News Release


School-Based/Linked Programs Results Released

On Thursday, December 9, Leonora Lartson, MD, MPH from the Houston Department of Health and Human Services, will announce the overall results of her evaluation on HDHHS’S School-Based/Linked Program. The results will be announced at 2pm by Dr. Leonora Lartson, HDHHS Program Manager, at the Sunnyside Multi-Service Center in Southeast Houston, located at 4605 Wilmington (KM 573D).

The School-Based/Linked Program was conceived after HDHHS and HISD found inadequate health coverage for children living in poverty, and because of the decreased access to community health care. The declining health status of young children demonstrated the need for a program that would keep Houston’s uninsured children cared for and healthy through medical and dental services.

Texas has the highest rate of children in the country without health insurance. According to the Texas Department of Health, an estimated 24-percent of children were reported to have no insurance in 1998. Nationally, the U.S. Census Bureau reports that 15-percent of all children were without health insurance in 1998. In this survey, 47-percent of all parents said that their families were uninsured. Also, according to the September 1996 issue of Current Population Reports, 41-percent of all people of Hispanic origin were without health insurance. In addition, the non health insurance rate among foreign-born residents in particular was 52-percent in 1995.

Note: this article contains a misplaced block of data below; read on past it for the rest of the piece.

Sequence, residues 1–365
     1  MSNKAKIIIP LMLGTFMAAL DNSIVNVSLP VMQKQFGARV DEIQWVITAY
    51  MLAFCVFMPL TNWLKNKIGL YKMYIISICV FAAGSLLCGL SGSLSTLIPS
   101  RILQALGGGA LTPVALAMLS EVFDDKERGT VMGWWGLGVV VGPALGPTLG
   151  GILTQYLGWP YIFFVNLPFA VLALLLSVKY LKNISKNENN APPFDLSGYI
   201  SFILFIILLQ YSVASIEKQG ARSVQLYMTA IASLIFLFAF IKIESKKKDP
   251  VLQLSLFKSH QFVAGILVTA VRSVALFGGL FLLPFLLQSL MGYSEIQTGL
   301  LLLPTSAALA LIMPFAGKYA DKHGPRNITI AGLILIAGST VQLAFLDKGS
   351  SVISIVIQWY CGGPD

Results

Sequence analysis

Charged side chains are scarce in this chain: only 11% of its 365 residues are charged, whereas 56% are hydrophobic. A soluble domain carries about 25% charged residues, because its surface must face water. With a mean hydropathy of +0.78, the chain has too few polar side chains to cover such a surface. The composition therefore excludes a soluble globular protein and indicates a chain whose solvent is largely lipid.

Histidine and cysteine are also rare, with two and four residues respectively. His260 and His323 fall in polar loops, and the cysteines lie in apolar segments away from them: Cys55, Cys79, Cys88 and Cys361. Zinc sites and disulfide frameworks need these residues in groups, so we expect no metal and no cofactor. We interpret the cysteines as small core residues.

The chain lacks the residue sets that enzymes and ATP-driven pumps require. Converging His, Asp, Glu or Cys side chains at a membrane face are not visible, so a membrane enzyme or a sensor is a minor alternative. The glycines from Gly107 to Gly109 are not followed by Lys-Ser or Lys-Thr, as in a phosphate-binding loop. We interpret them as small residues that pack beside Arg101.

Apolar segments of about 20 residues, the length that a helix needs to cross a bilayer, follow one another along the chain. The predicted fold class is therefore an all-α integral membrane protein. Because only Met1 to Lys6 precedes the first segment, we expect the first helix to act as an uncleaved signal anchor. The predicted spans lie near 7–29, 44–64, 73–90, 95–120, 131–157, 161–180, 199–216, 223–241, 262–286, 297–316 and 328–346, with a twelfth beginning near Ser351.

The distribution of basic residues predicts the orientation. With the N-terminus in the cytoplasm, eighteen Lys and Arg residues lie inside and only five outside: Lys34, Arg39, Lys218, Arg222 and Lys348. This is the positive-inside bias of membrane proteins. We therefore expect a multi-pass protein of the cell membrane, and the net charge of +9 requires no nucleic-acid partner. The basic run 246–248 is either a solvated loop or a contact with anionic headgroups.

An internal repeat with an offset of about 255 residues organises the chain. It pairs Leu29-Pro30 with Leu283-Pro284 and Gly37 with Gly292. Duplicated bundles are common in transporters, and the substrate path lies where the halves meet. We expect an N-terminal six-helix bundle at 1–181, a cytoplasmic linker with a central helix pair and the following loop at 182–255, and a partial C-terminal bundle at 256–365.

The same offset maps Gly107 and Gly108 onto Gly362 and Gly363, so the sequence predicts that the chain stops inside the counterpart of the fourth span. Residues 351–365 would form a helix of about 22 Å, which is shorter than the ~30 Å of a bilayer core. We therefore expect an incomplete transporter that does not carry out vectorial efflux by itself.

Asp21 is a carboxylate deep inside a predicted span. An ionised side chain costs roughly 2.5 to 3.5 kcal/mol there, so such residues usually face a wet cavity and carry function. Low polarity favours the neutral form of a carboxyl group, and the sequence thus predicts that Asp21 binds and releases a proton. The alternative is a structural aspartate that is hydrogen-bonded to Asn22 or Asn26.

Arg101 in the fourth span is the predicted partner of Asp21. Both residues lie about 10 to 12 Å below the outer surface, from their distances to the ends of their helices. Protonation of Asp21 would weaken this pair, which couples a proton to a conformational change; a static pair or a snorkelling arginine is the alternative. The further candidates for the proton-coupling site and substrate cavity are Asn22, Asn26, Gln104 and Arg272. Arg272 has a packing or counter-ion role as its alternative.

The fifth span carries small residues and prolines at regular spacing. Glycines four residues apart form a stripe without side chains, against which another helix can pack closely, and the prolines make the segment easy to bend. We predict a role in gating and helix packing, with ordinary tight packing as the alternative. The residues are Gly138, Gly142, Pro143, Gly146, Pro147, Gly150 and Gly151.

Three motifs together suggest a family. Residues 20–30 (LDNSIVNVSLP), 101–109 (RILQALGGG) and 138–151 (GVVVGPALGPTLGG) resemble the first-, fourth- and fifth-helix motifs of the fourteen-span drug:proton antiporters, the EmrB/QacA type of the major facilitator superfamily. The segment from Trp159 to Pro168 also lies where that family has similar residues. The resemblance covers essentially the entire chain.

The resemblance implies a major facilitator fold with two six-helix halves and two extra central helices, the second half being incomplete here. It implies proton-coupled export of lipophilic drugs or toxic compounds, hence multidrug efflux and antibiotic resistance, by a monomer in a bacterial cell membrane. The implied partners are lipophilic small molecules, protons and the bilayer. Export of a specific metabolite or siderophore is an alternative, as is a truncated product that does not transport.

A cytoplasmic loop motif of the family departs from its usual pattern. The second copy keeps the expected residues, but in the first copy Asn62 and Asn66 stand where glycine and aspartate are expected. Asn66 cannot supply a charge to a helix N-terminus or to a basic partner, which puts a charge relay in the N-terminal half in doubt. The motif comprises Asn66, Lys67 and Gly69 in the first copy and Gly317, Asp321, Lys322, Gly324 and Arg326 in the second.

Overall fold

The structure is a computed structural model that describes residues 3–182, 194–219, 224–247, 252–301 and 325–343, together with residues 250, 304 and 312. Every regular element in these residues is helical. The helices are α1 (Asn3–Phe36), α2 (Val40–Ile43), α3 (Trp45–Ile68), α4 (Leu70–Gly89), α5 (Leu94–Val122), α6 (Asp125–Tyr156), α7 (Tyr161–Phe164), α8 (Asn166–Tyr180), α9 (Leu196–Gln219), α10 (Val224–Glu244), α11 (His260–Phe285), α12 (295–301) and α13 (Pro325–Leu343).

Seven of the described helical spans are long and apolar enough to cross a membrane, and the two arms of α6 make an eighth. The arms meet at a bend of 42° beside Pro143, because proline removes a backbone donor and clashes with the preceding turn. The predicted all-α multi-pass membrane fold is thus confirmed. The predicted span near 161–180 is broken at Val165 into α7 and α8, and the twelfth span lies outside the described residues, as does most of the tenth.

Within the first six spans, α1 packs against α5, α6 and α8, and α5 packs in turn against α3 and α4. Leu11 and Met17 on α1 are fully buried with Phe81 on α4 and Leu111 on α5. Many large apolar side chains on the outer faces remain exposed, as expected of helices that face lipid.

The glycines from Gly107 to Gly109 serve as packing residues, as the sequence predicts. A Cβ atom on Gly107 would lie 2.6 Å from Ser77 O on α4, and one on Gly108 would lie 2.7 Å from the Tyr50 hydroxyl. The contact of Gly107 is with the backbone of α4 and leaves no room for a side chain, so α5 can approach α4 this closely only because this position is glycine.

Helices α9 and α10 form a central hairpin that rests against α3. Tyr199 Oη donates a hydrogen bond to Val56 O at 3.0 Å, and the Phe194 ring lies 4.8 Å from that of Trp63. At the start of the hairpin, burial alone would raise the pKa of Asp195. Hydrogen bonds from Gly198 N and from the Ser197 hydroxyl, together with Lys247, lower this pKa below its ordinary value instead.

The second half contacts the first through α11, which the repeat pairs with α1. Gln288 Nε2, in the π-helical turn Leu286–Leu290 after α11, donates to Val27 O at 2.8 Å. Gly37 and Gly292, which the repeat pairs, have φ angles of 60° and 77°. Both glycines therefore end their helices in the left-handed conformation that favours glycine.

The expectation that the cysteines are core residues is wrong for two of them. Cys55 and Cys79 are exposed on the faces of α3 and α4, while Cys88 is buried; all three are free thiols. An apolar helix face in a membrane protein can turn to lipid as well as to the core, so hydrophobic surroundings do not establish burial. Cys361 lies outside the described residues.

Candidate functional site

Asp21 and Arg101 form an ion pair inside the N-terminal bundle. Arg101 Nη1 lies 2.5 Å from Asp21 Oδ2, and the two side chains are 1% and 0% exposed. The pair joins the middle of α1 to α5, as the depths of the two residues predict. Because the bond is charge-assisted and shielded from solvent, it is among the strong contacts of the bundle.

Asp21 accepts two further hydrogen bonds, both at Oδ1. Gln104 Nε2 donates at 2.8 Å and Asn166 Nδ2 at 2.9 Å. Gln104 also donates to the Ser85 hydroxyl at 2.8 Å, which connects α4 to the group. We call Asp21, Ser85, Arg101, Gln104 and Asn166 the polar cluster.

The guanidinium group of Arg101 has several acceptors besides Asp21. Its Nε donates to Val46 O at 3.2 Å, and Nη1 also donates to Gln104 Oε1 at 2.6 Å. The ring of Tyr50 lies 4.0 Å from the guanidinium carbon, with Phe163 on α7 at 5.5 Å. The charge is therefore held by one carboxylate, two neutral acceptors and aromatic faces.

Accordingly, in this survey Hispanics had the highest rate of children without health insurance at 64-percent. In contrast, African-Americans have only 18-percent of families without health insurance. The large gap between Hispanics without insurance and African-Americans with coverage is due to Medicaid. Forty-five percent of all African-Americans in the survey had Medicaid coverage while only 7.5-percent of all Hispanics were covered by Medicaid.

This low percentage of Medicaid coverage in the Hispanic population (7.5 percent) is due to non-eligibility, and those who are eligible do not take advantage of the Medicaid program because they feel it will count against them when they apply for citizenship. However, the CHIP program (Children’s Health Insurance Program) fills the gap of some working poor families who are not eligible for Medicaid. Those students who qualify for neither will still be cared for by the School Health Centers.

Overall, the HDHHS School-Based/Linked Program finds both parents and students very satisfied. Eighty-four percent of students rate the dental clinic as good or very good, and 95-percent of parents are satisfied with the dental clinic, rating it as excellent or very good. Seventy-nine percent of students rated the medical clinic as good or very good, and 92-percent of parents rated the medical clinic as excellent or very good.

Speakers include: M. desVignes-Kendrick, MD, MPH, Director of HDHHS; John Sclitt, Executive Director, National Assembly on School-Based Health Care; Phoebe Urbina, Principal, Bonner Elementary School and others.